A $3.5 MILLION GIFT from the Kurt and Erma Rose Trust will help to establish as many as six new endowed chairs at the USC/Norris Comprehensive Cancer Center.
The gift will also fund a new program to recognize those who have included the USC/Norris in their wills.
The Rose bequest will prove to be among “the most important gifts the Norris has ever received,” predicts Bill Watson, director of development.
There have been nine chairs established at the USC/Norris since 1994, said Watson, and the goal is to have 22 fully funded chairs.
“Endowed chairs help ensure the future of the cancer center,” Watson said.
The first $3 million from the bequest will be divided into $500,000 “lead gifts” toward the $1.5 million needed to fully fund a chair. “This gives individuals who may not be able to give more than $1 million the ability to endow a chair in their name,” he said.
The endowment of a chair requires that a gift of capital – $1.5 million, in this case – be invested so that the return on the investment supports the research of a succession of medical scientists. The principal of the gift remains in place in perpetuity to support the chair and succeeding holders.
“Our priority now is to use new endowed chairs as a means of recruiting and retaining distinguished physicians and scientists,” said Peter Jones, director of the USC/Norris Comprehensive Cancer Center. “With the addition of the Dr. Norman Topping Tower, we have doubled the size of the USC/Norris. We are well on our way to fulfilling our vision of bringing scientists and physicians side by side in the pursuit of a cure for cancer.”
THE FINANCIAL SECURITY OF ENDOWED CHAIRS enables physicians or scientists to pursue ideas that might seem risky or to strike out on a research course that is long and perhaps difficult to fund through regular grant applications.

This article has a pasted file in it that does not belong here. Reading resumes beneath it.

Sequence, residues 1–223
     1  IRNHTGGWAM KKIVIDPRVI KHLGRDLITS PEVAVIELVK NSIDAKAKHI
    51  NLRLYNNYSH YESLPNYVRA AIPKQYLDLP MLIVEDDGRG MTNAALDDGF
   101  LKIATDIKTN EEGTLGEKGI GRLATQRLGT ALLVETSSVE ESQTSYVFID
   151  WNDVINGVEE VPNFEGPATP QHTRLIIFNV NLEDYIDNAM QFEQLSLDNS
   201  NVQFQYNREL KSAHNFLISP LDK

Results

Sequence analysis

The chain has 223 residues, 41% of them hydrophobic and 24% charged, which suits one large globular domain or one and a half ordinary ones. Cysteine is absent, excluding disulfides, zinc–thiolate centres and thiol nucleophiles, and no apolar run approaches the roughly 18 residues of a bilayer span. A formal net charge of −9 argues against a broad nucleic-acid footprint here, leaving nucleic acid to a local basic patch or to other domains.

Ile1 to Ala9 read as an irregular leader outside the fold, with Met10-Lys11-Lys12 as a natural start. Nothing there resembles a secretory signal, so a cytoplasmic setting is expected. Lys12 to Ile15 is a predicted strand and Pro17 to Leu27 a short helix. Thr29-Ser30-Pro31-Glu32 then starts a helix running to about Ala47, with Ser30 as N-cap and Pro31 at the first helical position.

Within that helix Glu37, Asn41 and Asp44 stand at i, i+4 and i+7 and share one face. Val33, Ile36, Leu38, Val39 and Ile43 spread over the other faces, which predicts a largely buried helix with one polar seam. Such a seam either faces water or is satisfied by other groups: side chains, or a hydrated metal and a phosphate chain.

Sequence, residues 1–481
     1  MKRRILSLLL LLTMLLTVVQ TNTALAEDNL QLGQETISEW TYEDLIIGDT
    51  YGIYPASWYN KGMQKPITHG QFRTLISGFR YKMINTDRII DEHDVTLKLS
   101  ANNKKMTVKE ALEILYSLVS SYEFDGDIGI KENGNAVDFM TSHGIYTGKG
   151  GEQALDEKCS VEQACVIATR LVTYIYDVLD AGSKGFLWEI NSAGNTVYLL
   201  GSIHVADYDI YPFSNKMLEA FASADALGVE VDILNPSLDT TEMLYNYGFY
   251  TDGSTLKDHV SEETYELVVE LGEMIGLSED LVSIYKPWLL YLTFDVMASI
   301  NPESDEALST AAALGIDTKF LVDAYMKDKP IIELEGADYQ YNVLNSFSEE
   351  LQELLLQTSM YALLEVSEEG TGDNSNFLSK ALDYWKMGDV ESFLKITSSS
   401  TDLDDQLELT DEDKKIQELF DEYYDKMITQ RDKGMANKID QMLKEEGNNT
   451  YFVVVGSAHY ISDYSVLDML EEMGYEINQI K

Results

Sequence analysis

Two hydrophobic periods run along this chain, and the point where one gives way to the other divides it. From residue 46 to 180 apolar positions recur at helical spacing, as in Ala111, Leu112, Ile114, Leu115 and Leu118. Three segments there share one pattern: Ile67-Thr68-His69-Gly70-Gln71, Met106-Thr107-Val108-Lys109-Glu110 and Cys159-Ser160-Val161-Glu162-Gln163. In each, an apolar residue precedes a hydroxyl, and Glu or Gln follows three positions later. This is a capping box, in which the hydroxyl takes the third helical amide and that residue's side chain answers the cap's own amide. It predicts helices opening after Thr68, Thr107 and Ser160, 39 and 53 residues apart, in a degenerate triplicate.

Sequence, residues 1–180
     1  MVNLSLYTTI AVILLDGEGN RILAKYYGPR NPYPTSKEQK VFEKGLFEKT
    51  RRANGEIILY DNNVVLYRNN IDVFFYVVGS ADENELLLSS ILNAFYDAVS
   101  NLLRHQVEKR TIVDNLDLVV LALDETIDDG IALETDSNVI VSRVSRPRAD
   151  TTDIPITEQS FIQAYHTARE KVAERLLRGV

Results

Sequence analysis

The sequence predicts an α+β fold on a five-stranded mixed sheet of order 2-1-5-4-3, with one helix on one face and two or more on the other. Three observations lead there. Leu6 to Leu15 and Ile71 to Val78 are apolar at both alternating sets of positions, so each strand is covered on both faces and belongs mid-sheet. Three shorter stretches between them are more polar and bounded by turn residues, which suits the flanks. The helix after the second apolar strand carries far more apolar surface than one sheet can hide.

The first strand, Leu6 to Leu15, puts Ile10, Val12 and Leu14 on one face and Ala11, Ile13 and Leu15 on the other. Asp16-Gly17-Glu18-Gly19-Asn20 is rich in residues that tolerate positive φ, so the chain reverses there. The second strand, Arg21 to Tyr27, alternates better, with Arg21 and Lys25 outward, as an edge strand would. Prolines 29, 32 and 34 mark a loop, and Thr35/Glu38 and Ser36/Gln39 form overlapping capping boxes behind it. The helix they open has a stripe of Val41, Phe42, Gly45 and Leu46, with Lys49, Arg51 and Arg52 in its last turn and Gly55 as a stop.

Another important element of the Rose gift will be the establishment of the Kurt and Erma Rose Heritage Circle, said Watson. The Circle will identify and contact individuals who have made bequests to USC/Norris in their wills. The Circle will establish a recognition area in the hospital and host an annual event at USC/Norris to honor donors.
“We will bring them into the Cancer Center and show them firsthand the important work their gifts will support,” said Watson.
Part of the impetus for the Circle, said Watson, was the bequest from Kurt and Erma Rose, individuals who had not contacted USC/Norris before their deaths. “We’ve had dozens of individuals step forward and let us know we’ve been given revocable trusts in their wills,” Watson said. “We hope to recognize them and others who may not yet have identified themselves so we can demonstrate the importance of their gifts to us.”
The Kurt and Erma Rose Heritage Circle will be dedicated June 14 at 3 p.m. at USC/Norris. For more information, please contact Debra Watson at (213) 764-0700.
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